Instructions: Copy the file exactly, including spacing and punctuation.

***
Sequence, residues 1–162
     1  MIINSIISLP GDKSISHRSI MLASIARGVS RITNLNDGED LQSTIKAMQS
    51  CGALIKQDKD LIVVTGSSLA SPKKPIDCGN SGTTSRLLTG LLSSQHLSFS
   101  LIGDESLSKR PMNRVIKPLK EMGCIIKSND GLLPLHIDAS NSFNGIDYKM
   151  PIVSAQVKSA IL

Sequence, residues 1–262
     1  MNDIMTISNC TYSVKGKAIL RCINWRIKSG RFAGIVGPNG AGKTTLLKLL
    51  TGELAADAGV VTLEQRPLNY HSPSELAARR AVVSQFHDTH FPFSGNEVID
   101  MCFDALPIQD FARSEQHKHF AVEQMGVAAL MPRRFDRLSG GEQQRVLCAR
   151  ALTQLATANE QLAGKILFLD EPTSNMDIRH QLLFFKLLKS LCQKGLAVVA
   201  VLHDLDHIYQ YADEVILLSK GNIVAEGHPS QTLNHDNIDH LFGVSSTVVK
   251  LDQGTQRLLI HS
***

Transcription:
Sequence, residues 1–162
     1  MIINSIISLP GDKSISHRSI MLASIARGVS RITNLNDGED LQSTIKAMQS
    51  CGALIKQDKD LIVVTGSSLA SPKKPIDCGN SGTTSRLLTG LLSSQHLSFS
   101  LIGDESLSKR PMNRVIKPLK EMGCIIKSND GLLPLHIDAS NSFNGIDYKM
   151  PIVSAQVKSA IL

Sequence, residues 1–262
     1  MNDIMTISNC TYSVKGKAIL RCINWRIKSG RFAGIVGPNG AGKTTLLKLL
    51  TGELAADAGV VTLEQRPLNY HSPSELAARR AVVSQFHDTH FPFSGNEVID
   101  MCFDALPIQD FARSEQHKHF AVEQMGVAAL MPRRFDRLSG GEQQRVLCAR
   151  ALTQLATANE QLAGKILFLD EPTSNMDIRH QLLFFKLLKS LCQKGLAVVA
   201  VLHDLDHIYQ YADEVILLSK GNIVAEGHPS QTLNHDNIDH LFGVSSTVVK
   251  LDQGTQRLLI HS